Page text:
Lifehacker’s 2012 Australian International Terminal Changeover Guide

Lifehacker’s 2012 Australian International Terminal Changeover Guide

Need to connect between a domestic and international flight? The options vary from “walk to the next gate” through to “catch this overpriced bus”. Avoid confusion with Lifehacker’s comprehensive guide, covering how to make the transfer quickly and cheaply at every major Australian airport.

Picture by Hamish Blair/Getty Images

International travel often begins by flying into a domestic airport, especially if you don’t live near a capital city. Transferring between the domestic terminal and the international one can sometimes prove confusing, and if you make the wrong choice you may end up spending money unnecessarily. This post rounds up how to get from one terminal to another in every Australian capital city with international flight departures (plus Cairns and the Gold Coast). I’ve done many of these transfers, but not all of them: if you know of additional options, share them in the comments.

One option we haven’t singled out in cities where international and domestic terminals are entirely separate (a particular issue in Sydney, Brisbane and Perth) is to take a taxi. While this is always a possibility, I’d recommend exploring other options. Not only are taxi queues often lengthy, some drivers will be extremely reluctant to take you. Having queued for lengthy periods themselves to pick up a fare, a $10 trip to the next terminal isn’t a pleasing prospect.

Regardless of the airport you’re making the transfer at, whenever possible you should link your incoming domestic flight booking with your international connection. This has several benefits. Firstly, your luggage should be transferred automatically from your domestic flight to your international one (on your return, you’ll still have to physically collect your bag to go through Customs even if your bag is tagged to your final destination). Secondly, you’ll often get a free terminal connection option. Thirdly, if there’s a delay with either flight, you’ll be in a better position to get rebooked. Note that you often won’t get this option with budget airlines (Tiger doesn’t offer connecting services and its recent tie-up with Virgin Australia won’t change that; Jetstar has some connecting service options, but you need to check carefully at the time of booking.)


The Airport Link Train connecting Sydney’s domestic and international airports charges $5 per person for a one-way fare (you can’t purchase an open return, unfortunately). Trains run at least every 15 minutes throughout the day. Both domestic and international stations have lifts if you have large amounts of luggage, and are well-signposted within the airport.

The T-Bus transfer service runs between terminal 2 (departing from the roadway near the middle of the terminal) and international (bus stop 21 near the McDonald’s on the arrivals level), It costs $5.50, but only operates every 30 minutes for most of the day and stops at 9pm. Given the price and limited frequency, I’d go with the train.

Qantas and Jetstar customers with booked connecting flights can use a free bus service, which is accessed from a dedicated area opposite gate 2 in Terminal 3. Customers from regional airports or on Jetstar flights will need to take the short underground from terminal 2 on foot, though this is only a short underground walk. At the international terminal, follow the signs for the dedicated transfer area outside the main terminal.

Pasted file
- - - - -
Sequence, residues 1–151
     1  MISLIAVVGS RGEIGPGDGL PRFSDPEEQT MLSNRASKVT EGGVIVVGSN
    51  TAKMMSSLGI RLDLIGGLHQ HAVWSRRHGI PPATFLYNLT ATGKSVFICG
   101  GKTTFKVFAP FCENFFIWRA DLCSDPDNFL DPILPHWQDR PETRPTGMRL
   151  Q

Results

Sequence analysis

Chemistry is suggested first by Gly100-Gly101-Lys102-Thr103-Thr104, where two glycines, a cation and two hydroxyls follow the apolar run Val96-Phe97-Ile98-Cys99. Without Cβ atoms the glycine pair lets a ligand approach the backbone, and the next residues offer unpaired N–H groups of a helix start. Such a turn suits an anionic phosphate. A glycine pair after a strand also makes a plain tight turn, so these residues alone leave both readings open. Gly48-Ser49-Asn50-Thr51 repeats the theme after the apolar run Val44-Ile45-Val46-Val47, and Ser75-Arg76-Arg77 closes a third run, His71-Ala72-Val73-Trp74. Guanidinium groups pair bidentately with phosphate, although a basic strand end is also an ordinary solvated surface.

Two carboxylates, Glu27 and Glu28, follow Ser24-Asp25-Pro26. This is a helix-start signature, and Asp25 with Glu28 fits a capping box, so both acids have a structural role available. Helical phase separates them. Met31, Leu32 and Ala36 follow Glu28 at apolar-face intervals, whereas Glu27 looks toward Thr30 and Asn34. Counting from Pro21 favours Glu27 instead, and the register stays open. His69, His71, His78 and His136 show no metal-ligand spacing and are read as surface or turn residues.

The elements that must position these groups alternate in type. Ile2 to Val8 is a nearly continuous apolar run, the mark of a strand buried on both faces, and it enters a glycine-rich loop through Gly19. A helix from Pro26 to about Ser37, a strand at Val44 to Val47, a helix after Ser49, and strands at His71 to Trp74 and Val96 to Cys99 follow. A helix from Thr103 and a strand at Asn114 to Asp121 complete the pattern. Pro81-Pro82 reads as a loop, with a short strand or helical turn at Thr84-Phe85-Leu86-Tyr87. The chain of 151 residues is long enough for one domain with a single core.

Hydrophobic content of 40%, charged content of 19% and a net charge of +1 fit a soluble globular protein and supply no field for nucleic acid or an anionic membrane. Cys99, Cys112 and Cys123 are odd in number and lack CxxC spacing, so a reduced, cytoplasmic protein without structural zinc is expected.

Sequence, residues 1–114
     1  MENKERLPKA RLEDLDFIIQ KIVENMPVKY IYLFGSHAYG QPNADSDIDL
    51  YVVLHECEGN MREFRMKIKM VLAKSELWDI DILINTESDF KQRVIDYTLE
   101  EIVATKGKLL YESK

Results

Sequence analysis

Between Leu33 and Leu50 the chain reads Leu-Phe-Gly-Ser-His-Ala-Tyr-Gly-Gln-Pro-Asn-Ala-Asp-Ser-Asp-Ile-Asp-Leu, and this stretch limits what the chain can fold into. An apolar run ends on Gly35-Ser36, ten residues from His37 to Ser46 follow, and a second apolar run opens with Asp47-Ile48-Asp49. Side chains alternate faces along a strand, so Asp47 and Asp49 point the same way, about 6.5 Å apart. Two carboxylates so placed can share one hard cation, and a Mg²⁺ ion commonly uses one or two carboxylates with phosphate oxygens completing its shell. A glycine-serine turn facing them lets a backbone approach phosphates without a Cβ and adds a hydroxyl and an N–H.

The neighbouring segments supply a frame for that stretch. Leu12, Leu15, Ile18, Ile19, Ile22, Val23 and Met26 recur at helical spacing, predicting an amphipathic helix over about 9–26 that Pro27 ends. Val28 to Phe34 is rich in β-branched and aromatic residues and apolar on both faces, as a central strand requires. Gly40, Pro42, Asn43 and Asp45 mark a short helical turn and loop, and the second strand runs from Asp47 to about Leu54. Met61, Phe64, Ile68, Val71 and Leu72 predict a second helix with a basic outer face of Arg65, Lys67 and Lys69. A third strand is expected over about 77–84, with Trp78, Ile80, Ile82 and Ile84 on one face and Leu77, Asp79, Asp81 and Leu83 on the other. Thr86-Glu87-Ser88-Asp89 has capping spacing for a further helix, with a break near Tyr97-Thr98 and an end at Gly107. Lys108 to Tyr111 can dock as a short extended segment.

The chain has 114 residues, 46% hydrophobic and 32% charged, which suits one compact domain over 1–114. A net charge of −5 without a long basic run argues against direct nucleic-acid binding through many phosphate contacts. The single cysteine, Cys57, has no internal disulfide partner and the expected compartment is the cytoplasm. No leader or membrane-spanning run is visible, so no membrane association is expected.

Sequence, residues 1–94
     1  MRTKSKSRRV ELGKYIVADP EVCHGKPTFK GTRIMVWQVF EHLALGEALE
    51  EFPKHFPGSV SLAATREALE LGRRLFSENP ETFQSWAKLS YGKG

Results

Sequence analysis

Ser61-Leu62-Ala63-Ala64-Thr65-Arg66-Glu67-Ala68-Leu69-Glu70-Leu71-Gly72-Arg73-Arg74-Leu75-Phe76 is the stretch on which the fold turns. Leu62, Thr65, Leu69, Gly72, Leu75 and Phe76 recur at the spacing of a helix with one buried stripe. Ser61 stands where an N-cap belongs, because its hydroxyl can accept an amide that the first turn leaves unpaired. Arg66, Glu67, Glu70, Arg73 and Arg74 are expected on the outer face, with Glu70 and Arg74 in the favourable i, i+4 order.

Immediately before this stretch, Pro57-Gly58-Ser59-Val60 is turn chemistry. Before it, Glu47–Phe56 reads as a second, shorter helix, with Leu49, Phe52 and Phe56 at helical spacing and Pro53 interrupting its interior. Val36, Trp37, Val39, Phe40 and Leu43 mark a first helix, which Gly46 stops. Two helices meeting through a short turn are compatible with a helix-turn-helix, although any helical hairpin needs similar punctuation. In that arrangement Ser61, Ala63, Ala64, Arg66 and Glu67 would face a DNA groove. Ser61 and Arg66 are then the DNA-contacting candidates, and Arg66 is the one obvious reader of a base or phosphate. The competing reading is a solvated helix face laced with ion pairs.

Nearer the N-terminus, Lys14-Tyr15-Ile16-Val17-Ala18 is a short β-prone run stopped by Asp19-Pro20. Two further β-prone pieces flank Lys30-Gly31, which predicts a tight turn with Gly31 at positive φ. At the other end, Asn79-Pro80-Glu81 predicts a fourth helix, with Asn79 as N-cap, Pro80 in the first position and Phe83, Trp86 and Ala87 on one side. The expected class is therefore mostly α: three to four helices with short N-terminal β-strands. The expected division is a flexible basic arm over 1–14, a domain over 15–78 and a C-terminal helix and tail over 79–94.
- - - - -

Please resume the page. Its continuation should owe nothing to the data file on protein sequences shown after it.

Virgin Australia customers with booked connecting flights can use a free bus service, accessed from Gate 37 at the domestic airport or from the left of the exit area after quarantine. If the two bookings aren’t made as a single journey, there’s a $15 charge to use the bus at the international end.


Melbourne’s international airport is directly connected to the Qantas/Jetstar and Virgin/Rex terminals, so no transfer services are needed. Even the Tiger services in T4 are only a short walk.


The Brisibane Airtrain charges $5 for a one-way ticket between domestic and international terminals; passengers on a connecting Virgin service can travel for free but must show boarding passes. Unfortunately, the train isn’t very frequent: it only runs every 30 minutes most of the day, and stops altogether at 10pm.

Both Qantas and Virgin customers with booked connecting flights can use the TBus service, which departs outside the Virgin Australia area of the domestic terminal and on Level 4 of the international terminal, for free. If you don’t have a booked connecting flight, the fare is $5; frequency is every 20 minutes at off-peak times.


A free terminal transfer bus operates between the international (T1) and domestic (T3 and T4) terminals. The bus only runs every 50 minutes, so you’ll need to allow plenty of time for a transfer. The domestic bus stop is near the Qantas terminal (T4); the international stop is near the arrivals area.


Adelaide offers the easiest transits of all, since international is located within the domestic terminal, near Gate 18. (Note that airline lounges are located in the domestic area.)


Like Adelaide, Darwin only has a single airport facility, so there’s no need to worry about transfer connections.

Gold Coast

The Gold Coast airport also operates as a single airport, so no transfer options are needed. Hooray!


Cairns’ international and domestic terminals are connected by a covered walkway, which take five minutes to walk between.

If you want to get to the airport cheaply , check our guide to public transport options in every capital city.

Lifehacker Australia editor Angus Kidman likes a massively healthy buffer between flights, because things always go wrong. His Road Worrier column, looking at technology and organising tips for travellers, appears each week on Lifehacker.


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